What happens with food security in developing countries if climate change is rapidly accelerating? Is there any chance to decrease hunger if we adapt our societies to new climate conditions?
That’s been researched for five years by experts from the UN World Food Programme, in collaboration with British Met Office Hadley Centre’s climate scientists. As a result, they have created a Food insecurity and Climate Change index, which is a measure of how vulnerable to disruption a country’s food system is as a result of flood and drought events. An interactive map lets you explore how different emissions of global greenhouse gas impact food security in developing and least-developed countries. And how adapting to climate change can make a difference.
For example, with high degrees of emissions and no adaptation, large parts of Africa and southern Asia would become vulnerable to food insecurity by 2050 and at a very high risk 30 years later. Millions of people could be pushed into hunger and malnutrition. In this scenario a country like Venezuela is predicted to have an increased vulnerability with up to 118 percent compared to present day.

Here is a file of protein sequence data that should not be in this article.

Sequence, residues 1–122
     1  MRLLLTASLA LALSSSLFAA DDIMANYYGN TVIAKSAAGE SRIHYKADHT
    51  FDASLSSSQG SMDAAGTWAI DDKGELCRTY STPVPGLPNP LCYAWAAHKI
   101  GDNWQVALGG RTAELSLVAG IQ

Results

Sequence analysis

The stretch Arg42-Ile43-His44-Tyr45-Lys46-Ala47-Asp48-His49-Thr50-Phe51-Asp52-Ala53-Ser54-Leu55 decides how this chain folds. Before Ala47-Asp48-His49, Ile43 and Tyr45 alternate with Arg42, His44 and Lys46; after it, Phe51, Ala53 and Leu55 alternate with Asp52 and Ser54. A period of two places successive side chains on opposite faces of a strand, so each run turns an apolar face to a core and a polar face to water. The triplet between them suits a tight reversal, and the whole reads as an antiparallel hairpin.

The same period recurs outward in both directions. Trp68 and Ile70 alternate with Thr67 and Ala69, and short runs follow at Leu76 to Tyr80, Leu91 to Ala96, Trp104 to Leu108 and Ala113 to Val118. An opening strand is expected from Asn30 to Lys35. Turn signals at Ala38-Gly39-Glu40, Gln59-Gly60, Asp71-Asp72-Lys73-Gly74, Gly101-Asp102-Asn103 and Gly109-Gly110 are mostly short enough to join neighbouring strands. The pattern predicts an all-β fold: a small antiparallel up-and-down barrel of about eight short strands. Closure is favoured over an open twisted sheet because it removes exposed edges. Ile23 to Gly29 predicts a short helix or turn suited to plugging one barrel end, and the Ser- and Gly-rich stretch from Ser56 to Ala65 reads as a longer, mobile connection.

“Hopeful future depending on the choices we make”
On the other hand, if the emissions are low and there’s a high level of adaption to climate change, the situation can be improved in many areas. In Niger, a poor and hunger-stricken country, food insecurity has a chance to decrease by 21 percent in 2080, according to the index.
Ertharin Cousin, WFP Executive Director said in a press release, “This map paints a stark picture of how climate disasters drive hunger. This research also reveals a more hopeful future depending on the choices we make – we must help vulnerable people adapt and build their resilience to climate change, while also investing in a low carbon future.”
Climate events like droughts, hurricanes and flooding affect vulnerable people disproportionately and increase hunger by destroying land, livestock, crops and food supplies. They also make it harder for people to access food markets.
Photograph: The interactive food insecurity map is created by The Met Office Hadley Centre, UK, and WFP.